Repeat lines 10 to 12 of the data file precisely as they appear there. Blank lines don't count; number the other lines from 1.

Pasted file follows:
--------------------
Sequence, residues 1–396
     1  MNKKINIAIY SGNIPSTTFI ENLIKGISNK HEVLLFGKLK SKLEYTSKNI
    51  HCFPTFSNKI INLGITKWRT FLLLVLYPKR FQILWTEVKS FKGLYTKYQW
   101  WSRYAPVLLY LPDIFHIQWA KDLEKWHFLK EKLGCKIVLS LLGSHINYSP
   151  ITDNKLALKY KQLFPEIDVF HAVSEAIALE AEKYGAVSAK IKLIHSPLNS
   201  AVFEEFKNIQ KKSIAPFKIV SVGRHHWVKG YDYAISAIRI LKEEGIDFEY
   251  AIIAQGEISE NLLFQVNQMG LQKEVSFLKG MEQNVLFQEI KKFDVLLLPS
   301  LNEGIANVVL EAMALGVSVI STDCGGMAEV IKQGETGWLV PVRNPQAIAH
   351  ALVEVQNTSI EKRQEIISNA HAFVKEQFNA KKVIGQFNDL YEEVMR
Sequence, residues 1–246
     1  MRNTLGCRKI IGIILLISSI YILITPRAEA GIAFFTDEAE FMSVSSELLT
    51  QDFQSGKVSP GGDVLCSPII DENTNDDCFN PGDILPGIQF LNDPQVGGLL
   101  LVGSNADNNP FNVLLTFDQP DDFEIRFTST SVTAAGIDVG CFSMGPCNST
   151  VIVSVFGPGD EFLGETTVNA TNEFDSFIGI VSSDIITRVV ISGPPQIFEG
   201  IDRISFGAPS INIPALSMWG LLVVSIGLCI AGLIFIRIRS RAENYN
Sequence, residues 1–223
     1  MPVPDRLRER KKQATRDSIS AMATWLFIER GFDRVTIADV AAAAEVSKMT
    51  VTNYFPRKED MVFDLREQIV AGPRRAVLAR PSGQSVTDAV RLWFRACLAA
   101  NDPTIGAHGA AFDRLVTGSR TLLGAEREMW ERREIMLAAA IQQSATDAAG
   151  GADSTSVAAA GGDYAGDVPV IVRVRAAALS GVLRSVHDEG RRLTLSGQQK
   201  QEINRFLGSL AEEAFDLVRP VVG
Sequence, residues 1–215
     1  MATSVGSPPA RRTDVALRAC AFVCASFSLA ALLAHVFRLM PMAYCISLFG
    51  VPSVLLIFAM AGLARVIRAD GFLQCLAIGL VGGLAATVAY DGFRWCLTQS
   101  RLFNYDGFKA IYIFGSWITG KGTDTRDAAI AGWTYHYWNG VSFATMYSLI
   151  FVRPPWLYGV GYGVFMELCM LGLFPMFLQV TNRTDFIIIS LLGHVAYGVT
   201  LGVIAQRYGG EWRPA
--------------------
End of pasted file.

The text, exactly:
Sequence, residues 1–246
     1  MRNTLGCRKI IGIILLISSI YILITPRAEA GIAFFTDEAE FMSVSSELLT
    51  QDFQSGKVSP GGDVLCSPII DENTNDDCFN PGDILPGIQF LNDPQVGGLL